Published on March 24, 2016 by Guest Blogger
Revenue and cost pressures have been strangling traditional brokerage houses since the last decade. Institutional trading commission rates in the US have declined more than 50% since the 2000s and we note a similar trend in Europe and Asia as well. Top-line pressure has been further accentuated by the emergence of low-cost, execution-only brokerages.
Electronic trading has taken fore, impacting the business of the traditional brokerages. Some surveys suggest that, in the US, about 60% of all the trades are being conducted electronically. Further, the increasing cost of regulations, such as MiFID II, which propagates the separation of commission payments for research and trade execution, and high-cost resources are denting margins.
Research typically constitutes 20-25% of overall costs for a brokerage. Brokerages have been focusing on potential cost saving measures to remain profitable. Accordingly, many brokerages have been looking at reducing research budgets to give a fillip to their cost control initiatives.
Given the challenging environment, we believe research departments will look at the following possible approaches:
Brokerages may want to focus their efforts only on sectors where they have a niche or have star analysts and deprioritize other sectors. This could potentially mean dropping coverage of their non-core sectors.
Brokerages may prefer to have different tiers of research products depending on their area of expertise. They may continue to provide the highest level of research and services for their core sectors whereas they may scale down research on other sectors. They may also look at potentially automating parts of their research process. Some of the possibilities could include using a combination of XBRL filings, web scraping and a centralized data store to cut down time taken to build financial models from scratch by 50%. Similarly, they may look at automating publication of periodicals such as dailies, weeklies and quarterlies by research teams by linking them to a centralized financial models database resulting in about 75% time savings.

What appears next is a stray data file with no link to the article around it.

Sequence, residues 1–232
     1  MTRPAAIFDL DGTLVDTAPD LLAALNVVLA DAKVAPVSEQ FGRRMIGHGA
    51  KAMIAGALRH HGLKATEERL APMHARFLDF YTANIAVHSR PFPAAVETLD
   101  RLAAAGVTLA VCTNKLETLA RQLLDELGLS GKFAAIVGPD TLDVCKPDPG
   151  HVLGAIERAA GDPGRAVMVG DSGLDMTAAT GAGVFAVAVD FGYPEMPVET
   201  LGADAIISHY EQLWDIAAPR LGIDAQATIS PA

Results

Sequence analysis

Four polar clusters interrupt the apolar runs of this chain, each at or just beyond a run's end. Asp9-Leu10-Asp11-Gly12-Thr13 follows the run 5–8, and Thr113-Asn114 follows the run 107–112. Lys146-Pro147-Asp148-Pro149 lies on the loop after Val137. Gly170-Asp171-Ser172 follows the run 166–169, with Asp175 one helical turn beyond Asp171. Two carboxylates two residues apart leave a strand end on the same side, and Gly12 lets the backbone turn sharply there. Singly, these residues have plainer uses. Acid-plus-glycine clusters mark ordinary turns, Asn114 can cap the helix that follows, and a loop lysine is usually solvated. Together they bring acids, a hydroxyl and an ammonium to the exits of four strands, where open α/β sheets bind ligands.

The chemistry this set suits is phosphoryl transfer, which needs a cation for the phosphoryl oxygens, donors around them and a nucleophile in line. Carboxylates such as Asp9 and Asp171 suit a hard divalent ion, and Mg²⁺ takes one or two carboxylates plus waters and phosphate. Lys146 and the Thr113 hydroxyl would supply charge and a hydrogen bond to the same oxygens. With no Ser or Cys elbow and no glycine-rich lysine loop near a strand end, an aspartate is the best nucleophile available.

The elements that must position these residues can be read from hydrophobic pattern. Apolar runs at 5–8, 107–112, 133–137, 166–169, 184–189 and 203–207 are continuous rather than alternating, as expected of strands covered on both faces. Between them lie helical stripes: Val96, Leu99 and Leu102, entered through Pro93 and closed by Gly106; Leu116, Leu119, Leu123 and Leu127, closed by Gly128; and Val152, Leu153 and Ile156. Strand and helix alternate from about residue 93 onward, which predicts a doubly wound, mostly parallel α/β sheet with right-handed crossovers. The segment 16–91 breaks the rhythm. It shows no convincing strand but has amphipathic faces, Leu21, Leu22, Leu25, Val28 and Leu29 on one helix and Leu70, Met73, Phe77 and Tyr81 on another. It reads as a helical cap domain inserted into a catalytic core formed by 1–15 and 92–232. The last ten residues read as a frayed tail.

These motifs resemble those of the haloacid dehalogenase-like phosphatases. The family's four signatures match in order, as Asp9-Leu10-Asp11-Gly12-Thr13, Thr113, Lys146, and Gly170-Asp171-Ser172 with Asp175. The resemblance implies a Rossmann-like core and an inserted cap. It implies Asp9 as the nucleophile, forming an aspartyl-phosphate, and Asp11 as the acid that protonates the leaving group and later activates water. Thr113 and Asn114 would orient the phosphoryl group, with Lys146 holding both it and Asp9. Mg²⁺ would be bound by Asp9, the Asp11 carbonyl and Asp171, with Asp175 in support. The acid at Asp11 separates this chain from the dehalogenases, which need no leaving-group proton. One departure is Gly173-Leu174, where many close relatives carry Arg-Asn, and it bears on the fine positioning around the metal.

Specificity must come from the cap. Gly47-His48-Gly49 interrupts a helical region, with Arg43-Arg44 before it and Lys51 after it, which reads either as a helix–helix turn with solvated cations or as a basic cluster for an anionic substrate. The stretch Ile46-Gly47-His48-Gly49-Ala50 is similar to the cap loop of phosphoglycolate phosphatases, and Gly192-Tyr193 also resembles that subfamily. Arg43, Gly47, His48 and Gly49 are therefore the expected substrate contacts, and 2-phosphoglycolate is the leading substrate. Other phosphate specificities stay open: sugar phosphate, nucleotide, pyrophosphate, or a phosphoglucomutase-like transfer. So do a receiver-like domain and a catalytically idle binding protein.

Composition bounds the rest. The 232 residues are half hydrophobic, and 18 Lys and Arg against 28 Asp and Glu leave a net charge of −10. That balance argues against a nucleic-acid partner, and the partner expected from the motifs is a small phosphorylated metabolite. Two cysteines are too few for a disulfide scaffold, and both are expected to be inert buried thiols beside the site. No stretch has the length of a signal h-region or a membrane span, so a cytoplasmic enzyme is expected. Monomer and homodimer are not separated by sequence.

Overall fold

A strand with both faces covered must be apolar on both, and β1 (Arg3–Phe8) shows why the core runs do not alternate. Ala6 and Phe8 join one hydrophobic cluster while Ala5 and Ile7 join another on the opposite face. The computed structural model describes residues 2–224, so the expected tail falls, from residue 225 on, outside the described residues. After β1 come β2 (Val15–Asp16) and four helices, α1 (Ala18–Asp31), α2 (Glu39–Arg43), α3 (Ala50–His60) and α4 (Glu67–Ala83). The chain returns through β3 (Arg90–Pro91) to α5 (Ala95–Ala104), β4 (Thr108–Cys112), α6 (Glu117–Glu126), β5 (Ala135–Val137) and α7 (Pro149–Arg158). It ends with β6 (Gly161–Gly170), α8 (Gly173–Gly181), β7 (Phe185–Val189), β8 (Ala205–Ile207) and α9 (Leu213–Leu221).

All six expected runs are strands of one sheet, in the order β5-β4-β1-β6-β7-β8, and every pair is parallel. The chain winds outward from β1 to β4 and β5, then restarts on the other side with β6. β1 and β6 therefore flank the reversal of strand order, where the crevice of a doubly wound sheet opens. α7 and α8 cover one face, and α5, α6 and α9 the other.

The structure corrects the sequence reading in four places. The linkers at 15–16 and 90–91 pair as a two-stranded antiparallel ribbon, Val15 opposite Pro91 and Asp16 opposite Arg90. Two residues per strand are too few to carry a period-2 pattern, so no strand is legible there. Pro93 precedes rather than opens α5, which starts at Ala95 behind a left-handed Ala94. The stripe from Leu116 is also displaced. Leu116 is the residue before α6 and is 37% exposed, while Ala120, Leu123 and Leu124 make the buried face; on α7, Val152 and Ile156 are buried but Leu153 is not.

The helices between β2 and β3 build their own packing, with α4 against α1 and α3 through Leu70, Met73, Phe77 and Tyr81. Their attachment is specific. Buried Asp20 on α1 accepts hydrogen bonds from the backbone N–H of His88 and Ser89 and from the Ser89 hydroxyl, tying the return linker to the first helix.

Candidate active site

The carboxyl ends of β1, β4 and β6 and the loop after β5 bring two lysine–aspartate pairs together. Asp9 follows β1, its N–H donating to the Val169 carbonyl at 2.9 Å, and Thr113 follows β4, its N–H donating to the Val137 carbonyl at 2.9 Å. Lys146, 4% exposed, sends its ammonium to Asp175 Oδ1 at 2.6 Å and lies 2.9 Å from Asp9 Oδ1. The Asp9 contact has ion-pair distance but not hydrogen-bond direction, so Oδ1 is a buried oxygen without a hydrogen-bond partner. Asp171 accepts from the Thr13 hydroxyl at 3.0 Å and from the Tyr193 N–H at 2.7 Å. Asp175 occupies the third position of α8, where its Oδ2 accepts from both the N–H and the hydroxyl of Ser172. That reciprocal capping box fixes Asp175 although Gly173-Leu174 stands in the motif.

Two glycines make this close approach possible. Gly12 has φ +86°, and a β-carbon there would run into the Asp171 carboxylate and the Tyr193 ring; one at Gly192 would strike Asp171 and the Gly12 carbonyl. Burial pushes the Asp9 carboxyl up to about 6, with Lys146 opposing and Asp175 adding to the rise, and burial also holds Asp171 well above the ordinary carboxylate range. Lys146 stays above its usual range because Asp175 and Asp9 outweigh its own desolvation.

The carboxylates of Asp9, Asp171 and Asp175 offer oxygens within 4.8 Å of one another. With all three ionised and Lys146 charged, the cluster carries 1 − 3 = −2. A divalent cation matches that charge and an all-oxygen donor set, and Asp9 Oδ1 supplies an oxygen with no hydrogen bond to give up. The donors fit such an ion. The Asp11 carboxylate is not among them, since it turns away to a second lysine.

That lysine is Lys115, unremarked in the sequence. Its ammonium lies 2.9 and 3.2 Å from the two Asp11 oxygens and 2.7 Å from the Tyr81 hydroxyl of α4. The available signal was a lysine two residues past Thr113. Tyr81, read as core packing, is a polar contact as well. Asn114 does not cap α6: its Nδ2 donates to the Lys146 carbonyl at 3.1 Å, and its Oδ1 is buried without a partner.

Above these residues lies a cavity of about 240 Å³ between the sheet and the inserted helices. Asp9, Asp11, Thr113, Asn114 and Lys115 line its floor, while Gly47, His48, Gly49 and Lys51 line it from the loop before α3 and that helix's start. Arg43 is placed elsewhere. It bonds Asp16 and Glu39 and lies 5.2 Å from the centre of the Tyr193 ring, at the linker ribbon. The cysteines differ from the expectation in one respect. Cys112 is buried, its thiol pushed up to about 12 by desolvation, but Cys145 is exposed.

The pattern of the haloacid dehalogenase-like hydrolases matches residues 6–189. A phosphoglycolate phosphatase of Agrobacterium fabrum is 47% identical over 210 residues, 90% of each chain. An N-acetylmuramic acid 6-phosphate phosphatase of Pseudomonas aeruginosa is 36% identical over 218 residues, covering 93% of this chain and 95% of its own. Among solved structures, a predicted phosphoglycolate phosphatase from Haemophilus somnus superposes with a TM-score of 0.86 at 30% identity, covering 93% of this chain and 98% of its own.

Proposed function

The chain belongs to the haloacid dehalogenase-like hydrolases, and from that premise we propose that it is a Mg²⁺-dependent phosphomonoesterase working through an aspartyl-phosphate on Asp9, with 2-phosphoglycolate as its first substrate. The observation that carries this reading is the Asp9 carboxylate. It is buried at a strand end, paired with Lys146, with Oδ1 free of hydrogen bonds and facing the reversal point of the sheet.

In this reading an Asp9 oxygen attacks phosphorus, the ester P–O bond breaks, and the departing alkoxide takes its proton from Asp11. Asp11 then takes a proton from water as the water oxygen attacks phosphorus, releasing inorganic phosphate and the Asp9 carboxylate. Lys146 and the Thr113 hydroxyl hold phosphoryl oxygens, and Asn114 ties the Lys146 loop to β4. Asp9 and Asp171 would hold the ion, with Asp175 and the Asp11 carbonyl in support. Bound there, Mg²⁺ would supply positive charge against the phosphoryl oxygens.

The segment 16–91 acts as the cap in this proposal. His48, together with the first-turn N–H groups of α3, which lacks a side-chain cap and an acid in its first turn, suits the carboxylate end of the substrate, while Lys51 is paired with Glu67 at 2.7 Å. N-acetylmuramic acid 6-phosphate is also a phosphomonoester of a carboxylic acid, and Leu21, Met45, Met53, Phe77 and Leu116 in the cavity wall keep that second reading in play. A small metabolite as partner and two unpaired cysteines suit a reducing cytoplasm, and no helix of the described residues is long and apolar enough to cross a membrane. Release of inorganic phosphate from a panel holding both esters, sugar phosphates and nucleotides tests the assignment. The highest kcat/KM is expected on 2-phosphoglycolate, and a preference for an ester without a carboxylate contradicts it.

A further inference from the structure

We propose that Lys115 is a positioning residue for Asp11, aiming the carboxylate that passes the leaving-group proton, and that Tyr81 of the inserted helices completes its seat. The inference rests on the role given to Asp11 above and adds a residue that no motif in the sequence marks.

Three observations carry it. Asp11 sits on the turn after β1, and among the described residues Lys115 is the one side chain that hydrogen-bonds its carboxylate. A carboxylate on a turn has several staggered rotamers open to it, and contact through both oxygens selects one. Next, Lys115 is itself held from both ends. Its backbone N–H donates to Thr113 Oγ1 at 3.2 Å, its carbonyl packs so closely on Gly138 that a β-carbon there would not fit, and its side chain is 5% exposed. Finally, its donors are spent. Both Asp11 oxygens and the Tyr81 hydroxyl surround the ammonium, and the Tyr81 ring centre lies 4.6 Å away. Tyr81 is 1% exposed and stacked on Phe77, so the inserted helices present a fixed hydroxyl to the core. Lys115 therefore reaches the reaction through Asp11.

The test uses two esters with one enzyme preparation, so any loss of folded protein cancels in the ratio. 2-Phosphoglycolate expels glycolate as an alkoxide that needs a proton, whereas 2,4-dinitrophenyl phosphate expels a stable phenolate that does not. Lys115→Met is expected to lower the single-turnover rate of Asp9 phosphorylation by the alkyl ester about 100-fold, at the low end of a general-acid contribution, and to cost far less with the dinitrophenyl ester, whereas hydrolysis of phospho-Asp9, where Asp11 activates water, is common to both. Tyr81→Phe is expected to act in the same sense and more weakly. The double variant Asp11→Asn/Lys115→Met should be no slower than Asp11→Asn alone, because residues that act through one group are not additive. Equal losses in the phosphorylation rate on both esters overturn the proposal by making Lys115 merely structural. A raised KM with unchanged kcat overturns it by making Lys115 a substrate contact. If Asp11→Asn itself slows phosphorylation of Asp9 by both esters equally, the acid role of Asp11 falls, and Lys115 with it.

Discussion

Brokerages may enter into strategic partnerships with local brokerages to monetize markets. These partnerships could be in the form of co-coverage of stocks or utilizing research from local brokers to share with global clients that have an interest in local markets. This approach obviously limits brokerages’ ability to control the quality of the research product.
Brokerages may adopt any of the above approaches or a combination of the above approaches, depending on their unique situation in the markets they serve, their competitive positioning, market share, etc.
The time to introspect and change is now!
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